22 May 2015

Tomorrowland: A World Beyond

The film industry is currently going through a spout of regurgitating franchises based on books or plots that are part of a trilogy; usually drawn out to an unbearable degree. 

Interestingly, Disney's latest feature, which unashamedly flags environmental issues, comes in the form of an original narrative. An inspiring tale emerges bringing together both fresh and inventive ideas from the twisted mind of writer Damon Lindelof and the trademark heartfelt magic that the studio does so well.
Tomorrowland teleports us directly into an alternative universe based on the theme park attraction of the same name. Driven to invent a better habitat for humanity, the world's most ingenious inventors and top creative minds joined forces and created a place beyond your wildest dreams. A place free from war, religion and destruction, a place that actually has a future. A sci-fi, fantasy reality, concealed neatly in a badge pin that triggers the door to this Utopian realm. 

We are introduced to inquisitive boy genius Frank Miller who gets recruited by robot agent Athena and allowed access to the wonders of this other world. Latest recruit, rebellious tom-boy Casey is constantly challenging the way the world works. Worried sick that her NASA space engineer of a father will be put out of a job,  this girl will do anything including breaking into a government base in order to stop the inevitable from happening. Once she finds herself in a world where all her problems would cease to exist, it is her strong sense of determination that drives the latter part of the film forward.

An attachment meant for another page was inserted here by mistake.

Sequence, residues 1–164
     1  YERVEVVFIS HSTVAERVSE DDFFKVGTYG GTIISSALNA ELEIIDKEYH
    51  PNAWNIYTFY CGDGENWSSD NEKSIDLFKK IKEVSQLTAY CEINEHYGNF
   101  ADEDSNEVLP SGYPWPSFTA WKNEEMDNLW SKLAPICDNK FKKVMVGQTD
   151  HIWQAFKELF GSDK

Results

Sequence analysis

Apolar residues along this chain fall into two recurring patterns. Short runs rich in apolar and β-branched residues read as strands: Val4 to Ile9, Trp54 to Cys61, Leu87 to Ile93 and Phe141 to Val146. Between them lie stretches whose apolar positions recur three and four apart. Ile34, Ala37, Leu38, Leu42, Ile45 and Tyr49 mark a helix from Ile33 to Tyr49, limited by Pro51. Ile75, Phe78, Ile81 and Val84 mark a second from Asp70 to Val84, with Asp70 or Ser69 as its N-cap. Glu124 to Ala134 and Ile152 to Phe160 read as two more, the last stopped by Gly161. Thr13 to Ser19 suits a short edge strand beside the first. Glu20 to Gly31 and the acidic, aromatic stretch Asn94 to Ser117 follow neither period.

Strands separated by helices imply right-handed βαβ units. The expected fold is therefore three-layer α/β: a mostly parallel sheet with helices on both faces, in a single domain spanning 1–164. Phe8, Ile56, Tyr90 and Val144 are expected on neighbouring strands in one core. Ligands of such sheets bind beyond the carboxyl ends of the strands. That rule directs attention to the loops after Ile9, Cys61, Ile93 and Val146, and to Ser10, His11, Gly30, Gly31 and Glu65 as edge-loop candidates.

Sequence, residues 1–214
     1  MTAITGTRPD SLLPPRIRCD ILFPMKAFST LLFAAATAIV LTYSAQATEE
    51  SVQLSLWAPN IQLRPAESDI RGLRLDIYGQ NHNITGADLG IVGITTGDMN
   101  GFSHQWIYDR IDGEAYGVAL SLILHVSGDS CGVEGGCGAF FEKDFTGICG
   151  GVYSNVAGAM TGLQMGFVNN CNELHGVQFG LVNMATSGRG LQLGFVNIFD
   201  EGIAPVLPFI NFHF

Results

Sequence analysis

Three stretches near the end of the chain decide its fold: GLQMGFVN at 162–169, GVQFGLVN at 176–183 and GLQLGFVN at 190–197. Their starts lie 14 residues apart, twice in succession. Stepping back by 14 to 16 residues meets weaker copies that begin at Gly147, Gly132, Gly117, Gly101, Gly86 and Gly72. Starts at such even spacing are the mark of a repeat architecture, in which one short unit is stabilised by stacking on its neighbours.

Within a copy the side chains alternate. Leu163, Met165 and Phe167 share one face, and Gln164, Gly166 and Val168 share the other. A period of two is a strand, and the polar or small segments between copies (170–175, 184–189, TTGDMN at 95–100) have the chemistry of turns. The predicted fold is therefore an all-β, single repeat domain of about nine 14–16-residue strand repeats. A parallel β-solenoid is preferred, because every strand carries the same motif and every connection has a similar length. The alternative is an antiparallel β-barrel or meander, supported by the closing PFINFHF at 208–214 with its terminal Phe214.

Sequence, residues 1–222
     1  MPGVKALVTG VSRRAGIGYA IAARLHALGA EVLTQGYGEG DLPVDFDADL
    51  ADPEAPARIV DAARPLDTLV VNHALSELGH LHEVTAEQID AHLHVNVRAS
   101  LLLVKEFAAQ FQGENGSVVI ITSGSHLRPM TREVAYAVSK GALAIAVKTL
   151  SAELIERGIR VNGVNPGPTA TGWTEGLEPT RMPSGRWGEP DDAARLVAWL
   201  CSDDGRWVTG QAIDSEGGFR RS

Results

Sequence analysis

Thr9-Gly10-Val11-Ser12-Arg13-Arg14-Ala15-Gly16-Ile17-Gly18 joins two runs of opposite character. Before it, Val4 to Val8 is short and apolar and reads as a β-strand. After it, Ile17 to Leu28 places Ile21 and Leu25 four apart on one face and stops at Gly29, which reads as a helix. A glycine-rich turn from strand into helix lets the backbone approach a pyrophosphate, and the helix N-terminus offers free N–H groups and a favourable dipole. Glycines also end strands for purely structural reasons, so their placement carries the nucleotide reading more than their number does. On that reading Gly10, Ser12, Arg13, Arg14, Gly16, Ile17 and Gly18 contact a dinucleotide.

A cranky Clooney lends sarcasm and rationalism against the energetic and at times infantile newcomers Brit Robertson (Casey) and Raffey Cassidy (Athena).  Explosive CGI, vibrant wardrobes and spectacular landscapes come together creating an on screen sensory extravaganza. What really makes this film tick is it's strong inner message. Ultimately, this was made with children in mind, but one simply can't ignore the blatant dig at humanity for destroying our precious planet in a similar fashion to that of previous 2008 animation WALL-E. The inescapable dystopian destiny the human race has planned for itself is highlighted, albeit Casey has one thing that can save it all - hope. In fact, hope is the glue of Tomorrowland, except not much else is explained. After all this is the writer who brought us Lost, yet overloading us with various sub-plots and information, to then force out a resolution in a lightening speed rant by Casey seemed a rather easy way out. 

Above all, Tomorrowland is a visually stunning, crowd pleaser that is sure to be a success with it's target audience. Minus the lack of explanation and a few niggles when it came to the script, Bird and Lindelof, just like the creators of this universe make an unstoppable team when it comes to capturing your imagination. An inspiring and generally bewildering experience, not to mention the fun that is to be had watching a royal punch up in a collectors store and a perfectly timed one-liner from Brit baddie Nix played by no other than the plum Hugh Laurie. 

Now, who want's a jetpack?!

Tomorrowland is released in cinemas today, Friday 22nd May. 

Directed by Brad Bird 
130mins, 12A (2015)

19 May 2015

Mad Max: Fury Road